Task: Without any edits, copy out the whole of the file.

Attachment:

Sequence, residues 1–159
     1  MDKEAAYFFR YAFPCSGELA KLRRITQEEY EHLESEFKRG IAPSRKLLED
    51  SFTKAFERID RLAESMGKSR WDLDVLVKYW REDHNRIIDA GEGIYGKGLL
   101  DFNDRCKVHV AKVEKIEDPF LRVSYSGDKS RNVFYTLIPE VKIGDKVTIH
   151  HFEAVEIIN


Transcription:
Sequence, residues 1–159
     1  MDKEAAYFFR YAFPCSGELA KLRRITQEEY EHLESEFKRG IAPSRKLLED
    51  SFTKAFERID RLAESMGKSR WDLDVLVKYW REDHNRIIDA GEGIYGKGLL
   101  DFNDRCKVHV AKVEKIEDPF LRVSYSGDKS RNVFYTLIPE VKIGDKVTIH
   151  HFEAVEIIN